Appreciation to everyone who organized, attended and taught at Swallow Valley Biochar School last week in Valley Ford, CA. Toby Hemenway gave a great talk on carbon structures, chemistry, elemental biogeochemical carbon cycles, and carbon's place in the history of the cosmos, certainly one of the highlights. Simran Raphael, Regenerative Earth, showed up with a couple of yards awesome EM1 inoculated char. Josiah Hunt (Pacific Biochar) brought yards of his straight up California Black Lite char. It is among the highest quality chars we have seen. We learned how to operate latest Bob Wells' Adam Retort design, which makes a very high quality char, but which is ultimately very different from Josiah's higher temperature California Black Lite char. We build and operated various other types of kilns, and tried-and-true, such as Hawaiian pit method (Josiah), open field stack (Peter Hirst), J-Ro and Estufa Fuca (Art Donnelly, SeaChar), cone kiln and Pyramid Kiln (Michael Wittman, Blue Sky Biochar), and more (Kelpie Wilson, Paul Anderson). Josiah, Simran, and John Miedema taught biochar-based fertilizer formulations. I taught biochar characterization using common shop and kitchen tools. Gloria Flora, USBI, gave us the big picture and inspired us on. What was missing this time, will be included in the future is application and plot sudy design.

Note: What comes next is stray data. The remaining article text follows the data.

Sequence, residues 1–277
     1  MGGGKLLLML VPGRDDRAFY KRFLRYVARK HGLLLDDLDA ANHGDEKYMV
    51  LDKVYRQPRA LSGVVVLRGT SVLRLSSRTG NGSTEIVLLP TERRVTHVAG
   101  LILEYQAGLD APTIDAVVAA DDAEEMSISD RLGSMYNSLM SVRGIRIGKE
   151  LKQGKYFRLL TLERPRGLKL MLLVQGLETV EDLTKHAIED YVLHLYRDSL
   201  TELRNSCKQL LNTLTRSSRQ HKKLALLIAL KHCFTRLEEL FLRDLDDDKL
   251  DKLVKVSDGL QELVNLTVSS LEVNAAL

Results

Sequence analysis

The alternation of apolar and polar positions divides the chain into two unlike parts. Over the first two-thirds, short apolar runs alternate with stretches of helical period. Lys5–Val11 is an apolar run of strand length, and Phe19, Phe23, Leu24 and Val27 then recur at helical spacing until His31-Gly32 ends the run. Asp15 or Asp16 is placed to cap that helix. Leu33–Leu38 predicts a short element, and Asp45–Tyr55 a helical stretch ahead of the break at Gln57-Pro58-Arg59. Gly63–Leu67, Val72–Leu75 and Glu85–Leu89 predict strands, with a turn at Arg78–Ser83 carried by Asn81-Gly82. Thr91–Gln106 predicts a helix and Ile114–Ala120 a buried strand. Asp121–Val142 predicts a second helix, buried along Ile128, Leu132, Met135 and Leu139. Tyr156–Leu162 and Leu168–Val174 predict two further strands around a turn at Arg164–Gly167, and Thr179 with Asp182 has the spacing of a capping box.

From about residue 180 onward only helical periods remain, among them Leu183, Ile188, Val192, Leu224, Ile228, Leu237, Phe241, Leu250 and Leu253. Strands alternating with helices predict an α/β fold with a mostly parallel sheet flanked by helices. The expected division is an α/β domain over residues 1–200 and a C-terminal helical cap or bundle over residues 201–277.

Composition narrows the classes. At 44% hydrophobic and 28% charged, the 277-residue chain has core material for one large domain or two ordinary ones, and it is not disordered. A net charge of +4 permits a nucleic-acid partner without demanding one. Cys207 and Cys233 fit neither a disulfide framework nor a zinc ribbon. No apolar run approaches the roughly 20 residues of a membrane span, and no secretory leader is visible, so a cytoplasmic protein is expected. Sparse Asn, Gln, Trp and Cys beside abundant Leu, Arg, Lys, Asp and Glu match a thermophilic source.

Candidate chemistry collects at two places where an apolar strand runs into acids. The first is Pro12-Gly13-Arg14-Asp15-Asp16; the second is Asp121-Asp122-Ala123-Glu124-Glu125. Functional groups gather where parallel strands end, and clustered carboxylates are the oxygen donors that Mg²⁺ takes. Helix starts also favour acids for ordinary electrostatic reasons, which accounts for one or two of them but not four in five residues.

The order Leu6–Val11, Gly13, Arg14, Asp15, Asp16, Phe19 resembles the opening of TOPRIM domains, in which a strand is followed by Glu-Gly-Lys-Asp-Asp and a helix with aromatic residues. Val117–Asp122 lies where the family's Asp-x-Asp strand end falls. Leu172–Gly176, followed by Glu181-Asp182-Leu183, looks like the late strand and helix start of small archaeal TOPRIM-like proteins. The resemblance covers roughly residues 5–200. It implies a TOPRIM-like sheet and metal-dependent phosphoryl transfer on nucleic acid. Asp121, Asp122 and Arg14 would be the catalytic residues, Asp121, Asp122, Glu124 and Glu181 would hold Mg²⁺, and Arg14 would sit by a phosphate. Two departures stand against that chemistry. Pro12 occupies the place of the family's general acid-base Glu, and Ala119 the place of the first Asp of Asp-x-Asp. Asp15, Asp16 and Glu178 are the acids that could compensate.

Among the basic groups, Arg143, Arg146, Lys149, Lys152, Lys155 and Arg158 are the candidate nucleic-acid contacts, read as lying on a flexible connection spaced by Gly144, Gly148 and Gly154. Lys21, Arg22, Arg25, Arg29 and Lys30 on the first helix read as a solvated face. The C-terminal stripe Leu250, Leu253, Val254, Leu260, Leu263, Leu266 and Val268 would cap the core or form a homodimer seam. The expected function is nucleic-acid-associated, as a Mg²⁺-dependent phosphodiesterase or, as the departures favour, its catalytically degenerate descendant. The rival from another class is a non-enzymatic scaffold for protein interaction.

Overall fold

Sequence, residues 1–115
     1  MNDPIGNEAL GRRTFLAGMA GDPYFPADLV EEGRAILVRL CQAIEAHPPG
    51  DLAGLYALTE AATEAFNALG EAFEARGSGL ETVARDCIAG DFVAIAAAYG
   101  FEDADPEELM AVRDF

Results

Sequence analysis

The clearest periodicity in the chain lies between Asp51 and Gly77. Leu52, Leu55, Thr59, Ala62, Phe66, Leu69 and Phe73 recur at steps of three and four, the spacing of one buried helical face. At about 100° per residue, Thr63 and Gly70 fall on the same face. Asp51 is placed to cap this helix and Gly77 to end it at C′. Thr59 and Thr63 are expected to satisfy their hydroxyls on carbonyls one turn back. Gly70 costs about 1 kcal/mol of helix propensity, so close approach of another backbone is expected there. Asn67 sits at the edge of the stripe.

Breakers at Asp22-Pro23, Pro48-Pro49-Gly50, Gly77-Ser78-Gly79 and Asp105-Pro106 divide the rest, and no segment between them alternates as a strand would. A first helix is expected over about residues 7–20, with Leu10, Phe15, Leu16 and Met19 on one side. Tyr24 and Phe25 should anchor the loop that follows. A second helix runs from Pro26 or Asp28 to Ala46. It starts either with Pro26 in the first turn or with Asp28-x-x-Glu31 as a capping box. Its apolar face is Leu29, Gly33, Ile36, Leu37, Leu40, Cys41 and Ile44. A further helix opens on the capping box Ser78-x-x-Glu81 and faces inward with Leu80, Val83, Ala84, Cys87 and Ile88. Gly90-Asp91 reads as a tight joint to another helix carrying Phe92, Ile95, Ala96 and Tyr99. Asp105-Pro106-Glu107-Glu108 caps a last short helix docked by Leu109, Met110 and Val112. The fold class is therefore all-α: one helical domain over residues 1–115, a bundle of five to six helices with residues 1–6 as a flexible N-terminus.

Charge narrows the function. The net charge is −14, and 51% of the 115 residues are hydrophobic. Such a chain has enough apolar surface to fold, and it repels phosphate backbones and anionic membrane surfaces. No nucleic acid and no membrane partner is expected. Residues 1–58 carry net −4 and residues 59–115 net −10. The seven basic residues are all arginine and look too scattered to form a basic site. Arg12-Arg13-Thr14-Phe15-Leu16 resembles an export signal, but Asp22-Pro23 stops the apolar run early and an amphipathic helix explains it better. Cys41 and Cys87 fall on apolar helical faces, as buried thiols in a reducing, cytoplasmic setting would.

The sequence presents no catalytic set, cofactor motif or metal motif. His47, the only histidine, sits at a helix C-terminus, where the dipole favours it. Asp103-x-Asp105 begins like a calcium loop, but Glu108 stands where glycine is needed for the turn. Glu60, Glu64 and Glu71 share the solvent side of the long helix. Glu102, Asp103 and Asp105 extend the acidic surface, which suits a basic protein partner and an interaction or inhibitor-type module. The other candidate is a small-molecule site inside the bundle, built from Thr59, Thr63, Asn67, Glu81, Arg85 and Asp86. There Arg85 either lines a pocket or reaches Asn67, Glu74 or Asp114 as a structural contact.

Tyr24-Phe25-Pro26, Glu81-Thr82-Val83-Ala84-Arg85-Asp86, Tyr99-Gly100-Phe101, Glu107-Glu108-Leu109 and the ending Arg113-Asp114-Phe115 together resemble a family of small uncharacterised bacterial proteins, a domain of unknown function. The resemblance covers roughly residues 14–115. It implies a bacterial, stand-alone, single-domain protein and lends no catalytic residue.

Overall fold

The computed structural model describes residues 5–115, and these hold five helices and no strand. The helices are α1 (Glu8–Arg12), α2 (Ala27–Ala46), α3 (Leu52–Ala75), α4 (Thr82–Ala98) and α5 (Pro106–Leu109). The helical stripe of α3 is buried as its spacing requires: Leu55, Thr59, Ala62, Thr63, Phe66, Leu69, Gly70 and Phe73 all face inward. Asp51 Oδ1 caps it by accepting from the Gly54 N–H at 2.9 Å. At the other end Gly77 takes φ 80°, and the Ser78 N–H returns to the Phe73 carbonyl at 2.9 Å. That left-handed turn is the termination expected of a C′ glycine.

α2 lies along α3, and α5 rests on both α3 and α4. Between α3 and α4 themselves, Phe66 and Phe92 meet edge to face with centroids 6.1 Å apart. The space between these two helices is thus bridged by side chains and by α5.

The school was geared to the interests of permies and small farmers, and that worked well even for thise that didn't quite fit those tags. This approach to sharing information was so much more engaging than the academic biochar sessions I attended in Long Beach, CA the previous week, although we (desperately!) need that too, and I will continue to loyally attend. It is just that learning hands on that a metal impeller in a Stihl shredder vac is a sweet way to grind biochar is inherently more gripping than learning it by powerpoint.
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